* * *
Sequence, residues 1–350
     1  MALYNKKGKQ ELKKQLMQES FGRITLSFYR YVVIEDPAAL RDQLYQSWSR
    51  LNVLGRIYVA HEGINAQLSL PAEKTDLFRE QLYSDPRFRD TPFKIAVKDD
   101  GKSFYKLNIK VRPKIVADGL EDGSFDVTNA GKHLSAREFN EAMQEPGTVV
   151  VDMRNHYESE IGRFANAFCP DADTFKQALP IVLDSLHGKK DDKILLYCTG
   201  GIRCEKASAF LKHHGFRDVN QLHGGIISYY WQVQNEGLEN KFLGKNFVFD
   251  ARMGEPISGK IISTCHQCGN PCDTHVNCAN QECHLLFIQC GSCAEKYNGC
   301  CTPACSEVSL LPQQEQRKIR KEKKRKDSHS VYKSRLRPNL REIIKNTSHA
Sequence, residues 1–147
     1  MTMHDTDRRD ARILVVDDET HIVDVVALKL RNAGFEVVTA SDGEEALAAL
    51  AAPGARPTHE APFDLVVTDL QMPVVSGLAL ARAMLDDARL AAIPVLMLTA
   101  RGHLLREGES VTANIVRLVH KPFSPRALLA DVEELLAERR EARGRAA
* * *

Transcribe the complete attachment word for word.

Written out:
Sequence, residues 1–350
     1  MALYNKKGKQ ELKKQLMQES FGRITLSFYR YVVIEDPAAL RDQLYQSWSR
    51  LNVLGRIYVA HEGINAQLSL PAEKTDLFRE QLYSDPRFRD TPFKIAVKDD
   101  GKSFYKLNIK VRPKIVADGL EDGSFDVTNA GKHLSAREFN EAMQEPGTVV
   151  VDMRNHYESE IGRFANAFCP DADTFKQALP IVLDSLHGKK DDKILLYCTG
   201  GIRCEKASAF LKHHGFRDVN QLHGGIISYY WQVQNEGLEN KFLGKNFVFD
   251  ARMGEPISGK IISTCHQCGN PCDTHVNCAN QECHLLFIQC GSCAEKYNGC
   301  CTPACSEVSL LPQQEQRKIR KEKKRKDSHS VYKSRLRPNL REIIKNTSHA
Sequence, residues 1–147
     1  MTMHDTDRRD ARILVVDDET HIVDVVALKL RNAGFEVVTA SDGEEALAAL
    51  AAPGARPTHE APFDLVVTDL QMPVVSGLAL ARAMLDDARL AAIPVLMLTA
   101  RGHLLREGES VTANIVRLVH KPFSPRALLA DVEELLAERR EARGRAA